Puerto Rico's New War on Poverty
Critics Fault $1 Billion Proposal as Paternalistic and No Substitute for Statehood
By John Marino
Special to The Washington Post
SAN JUAN, Puerto Rico -- When Puerto Rico Gov. Sila Calderon announced
a $1 billion investment program targeted to the island's poorest communities
month, she said it would continue the "peaceful revolution begun 50 years ago with the creation of [the] commonwealth."
The money is targeted toward nearly 700 communities -- about one-fourth of this island's population -- and includes areas of abysmal poverty.
Much of the money will be used to bring or improve water and electrical
service to the communities, build or rehabilitate 20,000 homes and improve
Government spending also will increase to improve health and educational services and social programs. A $15 million job training program is part of the plan.
But the fallout has been anything but peaceful -- already the efforts
are quickly getting caught up in Puerto Rico's continuing debate over whether
to become the 51st
state, with Calderon's opponents attacking her plans as paternalistic big government.
"She's feeding fish to the people instead of teaching them how to fish,"
said Senate Minority Leader Kenneth McClintock, a member of the opposition
New Progressive Party.
The plan is significant because it is one of the first anti-poverty
programs in Puerto Rico to use local rather than federal funds. But the
plan isn't only about spending.
Resident Commissioner Anibal Acevedo Vila, Puerto Rico's sole representative to Congress, said recently that Calderon's pro-commonwealth Popular Democratic
Party (PDP) will seek expanded powers from Congress as a way to boost economic development on the island. These include the ability to enter into trade
agreements with regional neighbors and exemption from certain federal laws, such as those involving maritime shipping.
But independence supporters note that Congress has been unwilling to
grant these expanded freedoms to Puerto Rico and only through complete
these powers be granted.
The PDP also is working to achieve parity with states in federally funded
programs, such as nutritional assistance and health care, which are currently
levels that Puerto Rico would receive as a state.
Statehood proponents, such as McClintock, argue that full integration into the United States is needed to end poverty on the island.
"We have not been able to close the gap with the rest of the nation,"
McClintock said, adding that as a state Puerto Rico would receive billions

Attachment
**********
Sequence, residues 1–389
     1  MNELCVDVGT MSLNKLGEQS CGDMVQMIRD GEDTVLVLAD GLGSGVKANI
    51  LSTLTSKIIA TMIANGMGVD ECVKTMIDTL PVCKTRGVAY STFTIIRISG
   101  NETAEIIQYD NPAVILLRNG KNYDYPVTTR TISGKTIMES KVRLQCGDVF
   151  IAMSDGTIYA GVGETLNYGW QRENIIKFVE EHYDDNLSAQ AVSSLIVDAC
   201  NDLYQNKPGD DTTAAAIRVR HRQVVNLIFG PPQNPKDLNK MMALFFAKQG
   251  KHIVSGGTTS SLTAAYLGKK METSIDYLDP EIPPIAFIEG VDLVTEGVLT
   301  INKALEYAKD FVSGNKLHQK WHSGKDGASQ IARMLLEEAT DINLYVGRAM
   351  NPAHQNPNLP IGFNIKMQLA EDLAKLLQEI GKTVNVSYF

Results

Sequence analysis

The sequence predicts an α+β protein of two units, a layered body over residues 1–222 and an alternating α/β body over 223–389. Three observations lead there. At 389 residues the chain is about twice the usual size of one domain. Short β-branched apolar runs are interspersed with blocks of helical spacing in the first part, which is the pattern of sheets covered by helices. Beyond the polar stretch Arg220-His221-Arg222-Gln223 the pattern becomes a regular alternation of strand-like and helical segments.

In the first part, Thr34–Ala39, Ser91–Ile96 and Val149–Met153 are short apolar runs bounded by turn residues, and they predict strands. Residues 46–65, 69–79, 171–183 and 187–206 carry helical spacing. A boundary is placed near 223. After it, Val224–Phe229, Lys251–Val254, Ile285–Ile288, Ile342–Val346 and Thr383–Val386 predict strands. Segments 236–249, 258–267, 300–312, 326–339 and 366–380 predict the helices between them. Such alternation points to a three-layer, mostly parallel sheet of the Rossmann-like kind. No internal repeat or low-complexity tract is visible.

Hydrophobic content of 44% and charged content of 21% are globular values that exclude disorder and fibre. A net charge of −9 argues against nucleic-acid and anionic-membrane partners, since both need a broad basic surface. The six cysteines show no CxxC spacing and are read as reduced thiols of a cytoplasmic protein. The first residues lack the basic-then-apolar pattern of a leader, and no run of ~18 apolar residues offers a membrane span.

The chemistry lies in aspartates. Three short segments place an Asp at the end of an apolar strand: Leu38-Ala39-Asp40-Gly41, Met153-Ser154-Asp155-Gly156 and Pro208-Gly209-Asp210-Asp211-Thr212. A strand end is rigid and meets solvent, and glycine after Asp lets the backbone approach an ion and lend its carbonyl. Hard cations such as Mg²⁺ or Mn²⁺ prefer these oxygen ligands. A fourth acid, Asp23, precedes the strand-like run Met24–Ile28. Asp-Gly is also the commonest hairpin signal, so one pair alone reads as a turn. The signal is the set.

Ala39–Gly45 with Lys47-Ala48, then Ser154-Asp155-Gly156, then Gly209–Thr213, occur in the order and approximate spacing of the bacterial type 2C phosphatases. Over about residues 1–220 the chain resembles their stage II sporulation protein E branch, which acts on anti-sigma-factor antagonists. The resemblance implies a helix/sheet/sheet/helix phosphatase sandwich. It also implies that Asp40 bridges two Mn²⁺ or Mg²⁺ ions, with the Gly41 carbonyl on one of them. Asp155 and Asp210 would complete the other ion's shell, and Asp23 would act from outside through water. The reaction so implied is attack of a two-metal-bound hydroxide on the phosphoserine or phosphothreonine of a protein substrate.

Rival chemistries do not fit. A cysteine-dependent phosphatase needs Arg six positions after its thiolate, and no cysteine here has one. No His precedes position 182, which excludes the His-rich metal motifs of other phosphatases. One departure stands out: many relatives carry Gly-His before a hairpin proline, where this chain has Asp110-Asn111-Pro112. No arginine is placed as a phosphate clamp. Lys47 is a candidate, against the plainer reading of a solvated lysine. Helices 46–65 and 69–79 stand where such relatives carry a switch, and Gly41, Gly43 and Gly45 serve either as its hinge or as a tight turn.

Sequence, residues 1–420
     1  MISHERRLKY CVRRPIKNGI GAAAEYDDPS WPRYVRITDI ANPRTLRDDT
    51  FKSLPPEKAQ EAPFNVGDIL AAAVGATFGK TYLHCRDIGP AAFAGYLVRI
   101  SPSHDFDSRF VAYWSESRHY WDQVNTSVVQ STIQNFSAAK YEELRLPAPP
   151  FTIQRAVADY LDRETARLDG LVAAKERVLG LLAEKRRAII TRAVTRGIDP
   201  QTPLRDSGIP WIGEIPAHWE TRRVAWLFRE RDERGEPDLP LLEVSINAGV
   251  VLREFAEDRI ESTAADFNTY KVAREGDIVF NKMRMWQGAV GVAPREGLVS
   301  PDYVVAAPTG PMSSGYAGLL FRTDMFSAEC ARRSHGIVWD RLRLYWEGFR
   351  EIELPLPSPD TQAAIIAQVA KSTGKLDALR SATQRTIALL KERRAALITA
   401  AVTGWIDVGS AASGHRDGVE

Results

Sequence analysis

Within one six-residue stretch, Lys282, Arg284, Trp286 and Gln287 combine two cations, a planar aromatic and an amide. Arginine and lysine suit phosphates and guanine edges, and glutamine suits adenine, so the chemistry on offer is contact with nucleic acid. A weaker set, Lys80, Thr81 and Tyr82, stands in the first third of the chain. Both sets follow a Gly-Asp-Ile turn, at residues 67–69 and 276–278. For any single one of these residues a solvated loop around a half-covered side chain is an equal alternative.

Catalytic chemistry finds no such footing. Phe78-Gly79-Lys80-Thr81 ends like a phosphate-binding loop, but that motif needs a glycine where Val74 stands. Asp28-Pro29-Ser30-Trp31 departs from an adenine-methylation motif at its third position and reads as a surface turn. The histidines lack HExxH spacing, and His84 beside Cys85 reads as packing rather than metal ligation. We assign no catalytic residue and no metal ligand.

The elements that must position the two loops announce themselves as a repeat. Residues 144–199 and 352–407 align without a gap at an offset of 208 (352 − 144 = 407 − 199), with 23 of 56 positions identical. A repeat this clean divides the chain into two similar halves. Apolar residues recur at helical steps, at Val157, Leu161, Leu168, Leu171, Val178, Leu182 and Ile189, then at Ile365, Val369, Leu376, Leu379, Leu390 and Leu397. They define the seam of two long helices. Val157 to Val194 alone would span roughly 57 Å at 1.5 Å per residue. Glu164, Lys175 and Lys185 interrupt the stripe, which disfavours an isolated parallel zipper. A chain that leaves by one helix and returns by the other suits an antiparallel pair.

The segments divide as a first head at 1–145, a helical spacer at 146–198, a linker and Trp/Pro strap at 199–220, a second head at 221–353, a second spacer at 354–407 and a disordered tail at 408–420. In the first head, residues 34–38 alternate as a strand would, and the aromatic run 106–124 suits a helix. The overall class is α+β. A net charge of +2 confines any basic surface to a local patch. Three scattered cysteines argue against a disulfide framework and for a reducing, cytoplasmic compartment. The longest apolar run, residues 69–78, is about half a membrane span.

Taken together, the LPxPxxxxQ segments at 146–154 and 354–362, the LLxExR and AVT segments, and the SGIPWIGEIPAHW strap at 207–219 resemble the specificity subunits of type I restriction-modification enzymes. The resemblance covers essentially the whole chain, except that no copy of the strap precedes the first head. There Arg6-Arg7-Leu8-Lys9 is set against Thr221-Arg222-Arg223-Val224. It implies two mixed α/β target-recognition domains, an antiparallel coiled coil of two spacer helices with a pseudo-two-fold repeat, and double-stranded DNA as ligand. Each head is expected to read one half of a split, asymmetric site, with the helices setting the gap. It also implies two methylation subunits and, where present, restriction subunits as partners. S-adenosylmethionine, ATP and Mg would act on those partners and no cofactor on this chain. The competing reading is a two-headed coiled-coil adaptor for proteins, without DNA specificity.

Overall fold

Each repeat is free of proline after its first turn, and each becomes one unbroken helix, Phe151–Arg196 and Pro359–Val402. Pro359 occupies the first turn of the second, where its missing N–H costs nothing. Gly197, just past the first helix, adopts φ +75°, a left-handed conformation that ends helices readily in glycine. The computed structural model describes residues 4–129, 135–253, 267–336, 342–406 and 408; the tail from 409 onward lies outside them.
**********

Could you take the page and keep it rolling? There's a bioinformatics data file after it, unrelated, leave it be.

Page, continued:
more through federal
transfers each year.
The island receives about $11 billion from Washington, $6 billion of which is through Social Security and federal worker pensions and salaries.
About 48 percent of Puerto Rico's 3.8 million people live below the
federal poverty line, according to the 2000 Census. Despite the advances
the island has made
through the years, it has a per capita income of $8,185 -- about half that of Mississippi. Unemployment hovers at 13 percent.
Poverty has long been a problem on the island, and efforts to combat
it go back to the creation of the commonwealth in 1952. One of the first
Bootstrap," an industrial program widely credited with transforming Puerto Rico from the "poorhouse" to the "showcase" of the Caribbean.
"In the 1940s and 1950s, the growth was phenomenal, and we drastically
reduced extreme poverty," said Miguel Soto Class, executive director of
the Center for a
New Economy, a local economic think tank. "We made the living conditions of the poor better, but they still have not made their way out of poverty."
Calderon's plan comes as the government tries to diversify the economy
to spur growth. The manufacturing sector, created under Operation Bootstrap,
represents about 40 percent of the island economy, but it has been stagnant in recent years, eroded by free-trade pacts and increased competition from low-wage
destinations in the era of globalization.
The new program will be financed with a $500 million grant by the commonwealth
Government Development Bank and a $500 million long-term bond issue,
earmarked to be spent over the next five years in 686 impoverished communities across the island.
Even the plan's proponents say success will come only with job creation.
And that means new economic strategies to boost growth rates above the
What everyone agrees with, however, is that there is no single plan, like the Operation Bootstrap of the 1950s, that will resolve the island's economic problems.
"We need to restructure and do a lot of things at once. It's not a question
of picking a winner," Soto Class said. "There is no silver bullet like
was. We are never going to see that situation again."